While Joren becomes the leader of the careers, Kel befriends young Tobe and timid, beaten down Lalasa.  Neal scoffs at the collection of strays she’s gathered, but sits with them at lunch, worrying Kel by constantly saying things about the Capitol she would hardly dare think.

In the interviews handsome Joren secures sponsors while Kel’s calm, smooth face is taken for blank and dull. She gets a good training score, but Joren gets higher and Wyldon’s looks say I told you so

When the games start Kel focuses on getting people, not items, making sure Tobe, Lalasa, and another younger competitor, Loesia, get away from the Cornucopia alive. Thankfully, Neal, Merric, and Owen join them, each bringing supplies and weapons

Alanna, one of Neal’s mentors, sees that Wyldon isn’t doing anything to help them so sends as much food, medicine, and weapons as she can afford. Their group is big enough to deter attackers, and Kel tries to teach the others to fight

Soon the killing machines show up, each with the voice of one of the dead tributes.  Every time someone dies a few days later another machine arrives.  They kill Loesia and Owen before Kel figures out they can stop them by puncturing a hole in the machine’s head.  Alanna sends armor piercing darts for their crossbow

Kel tries to warn the other tributes, but Joren and his pack just attack them, too stubborn to listen. Soon they’re all taken out by the machines.

It’s a brutal game, with Kel’s group quickly becoming the only survivors. More dead tributes mean more killing machines and Neal and Merric die when the group is attacked by three of them at once

Wyldon sends more armor piercing bolts, which Kel thinks might be an apology

No matter how hard Kel tries to keep Tobe out of danger he throws himself in it to help her and he’s the next to die, leaving Kel and Lalasa as the final two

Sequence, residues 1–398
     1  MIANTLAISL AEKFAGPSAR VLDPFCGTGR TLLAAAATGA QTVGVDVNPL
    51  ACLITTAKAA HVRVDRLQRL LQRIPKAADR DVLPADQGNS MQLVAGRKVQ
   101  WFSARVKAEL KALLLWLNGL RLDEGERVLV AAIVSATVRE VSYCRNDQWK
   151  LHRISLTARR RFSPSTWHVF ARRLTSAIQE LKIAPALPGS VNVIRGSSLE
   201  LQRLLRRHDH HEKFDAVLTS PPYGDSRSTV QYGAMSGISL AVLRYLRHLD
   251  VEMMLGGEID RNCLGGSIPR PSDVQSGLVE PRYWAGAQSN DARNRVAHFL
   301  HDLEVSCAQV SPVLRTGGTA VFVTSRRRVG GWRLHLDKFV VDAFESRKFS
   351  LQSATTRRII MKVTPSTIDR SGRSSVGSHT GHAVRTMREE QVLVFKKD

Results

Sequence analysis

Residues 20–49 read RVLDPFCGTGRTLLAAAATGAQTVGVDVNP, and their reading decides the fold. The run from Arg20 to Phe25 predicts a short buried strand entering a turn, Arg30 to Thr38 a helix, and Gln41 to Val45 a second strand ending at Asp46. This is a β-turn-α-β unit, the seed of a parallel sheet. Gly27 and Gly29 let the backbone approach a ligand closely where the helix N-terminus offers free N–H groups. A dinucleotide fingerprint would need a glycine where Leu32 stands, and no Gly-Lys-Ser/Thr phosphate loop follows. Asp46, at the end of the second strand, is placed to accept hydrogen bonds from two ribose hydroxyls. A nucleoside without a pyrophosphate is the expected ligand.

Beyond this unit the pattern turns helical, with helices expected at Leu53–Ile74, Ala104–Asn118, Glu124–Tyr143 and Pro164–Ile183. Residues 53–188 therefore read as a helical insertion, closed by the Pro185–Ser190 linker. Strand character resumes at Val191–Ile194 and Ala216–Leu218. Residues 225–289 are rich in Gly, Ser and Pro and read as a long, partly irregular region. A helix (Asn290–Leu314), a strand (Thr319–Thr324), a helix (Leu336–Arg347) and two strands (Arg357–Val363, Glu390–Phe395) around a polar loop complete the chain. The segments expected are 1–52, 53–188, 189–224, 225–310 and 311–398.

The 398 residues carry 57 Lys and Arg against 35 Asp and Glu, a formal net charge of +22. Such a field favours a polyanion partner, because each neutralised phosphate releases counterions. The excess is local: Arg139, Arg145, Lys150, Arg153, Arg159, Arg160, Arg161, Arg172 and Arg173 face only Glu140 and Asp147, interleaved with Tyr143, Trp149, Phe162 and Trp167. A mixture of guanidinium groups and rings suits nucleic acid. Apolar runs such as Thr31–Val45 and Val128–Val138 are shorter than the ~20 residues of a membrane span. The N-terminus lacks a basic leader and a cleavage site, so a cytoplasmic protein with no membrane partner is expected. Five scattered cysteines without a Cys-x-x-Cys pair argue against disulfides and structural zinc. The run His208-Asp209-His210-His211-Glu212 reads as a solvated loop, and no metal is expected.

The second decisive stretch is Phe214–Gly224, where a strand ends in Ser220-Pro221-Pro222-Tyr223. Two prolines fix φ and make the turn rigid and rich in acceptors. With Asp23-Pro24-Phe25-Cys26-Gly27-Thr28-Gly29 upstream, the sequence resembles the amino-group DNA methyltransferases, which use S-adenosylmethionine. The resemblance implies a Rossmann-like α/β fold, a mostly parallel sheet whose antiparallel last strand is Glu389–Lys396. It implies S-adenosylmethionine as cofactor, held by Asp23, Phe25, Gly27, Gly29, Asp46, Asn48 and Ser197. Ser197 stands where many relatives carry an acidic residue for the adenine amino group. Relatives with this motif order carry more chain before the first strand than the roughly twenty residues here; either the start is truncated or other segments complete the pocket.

Lalasa says Kel should just kill her and get it over with, but Kel came to the games to save an innocent life, she’s not going to leave by taking one. That only leaves one option, and Kel dies taking out the last of the machines

Lalasa, pretty and the underdog, is a popular Victor, but many were shocked by Kel’s death and thought the machines might have been too brutal. There was also a lot of talk about how nice it was to see the tributes banding together to fight a common enemy. The Gamemaker, Blayce, disappears soon after

Wyldon never again ignores his female tributes

Lalasa becomes a stylist, always requesting to work for the poorest districts.  She encourages those who everyone else writes off as good as dead and makes sure that Kel’s legacy as protector of the small lives on

Tortall Hunger Games AU (x)

30 days of Tamora Pierce, day 12: favorite passage

“Sir, you’re the kind of Knight I want to be.”
He regarded her for a moment with the strangest expression in his eyes. “I am not,” he said. “But the fact that you believe it is the greatest compliment I will ever receive.”

That acknowledgement for Kel from someone who did not want to even give her a chance at the beginning is a huge step.  For both of them.  It shows how much Wyldon has grown in the six years since Kel came on as a page, and how his views have changed.  He may not accept all women as warriors, but he has come such a long way since First Test.  It’s an important reminder that everyone can learn from their students.  Sometimes more than they learn from you, even though they might never know it.

Why Roald is Going to be a Better King Than Jonathan

1. Roald is way more politically savvy than Jonathan.  Granted, he has the benefit of Jonathan and Thayet passing along their wisdom, and the lessons they learned while they were growing up and learning how to rule a country.  But comparing Roald’s behavior as a page and squire to Jonathan’s behavior during the same period in his life, Roald demonstrates a profound understanding of his position as crown prince and that his actions will be attributed to the position rather than him as a person.  This is why he never joined in Kel’s patrols to stop the practice of bullying and hazing under Wyldon’s tenure as training master.  It’s why he took care to divide his time among all of the pages, not spending all of his time with just one group of people.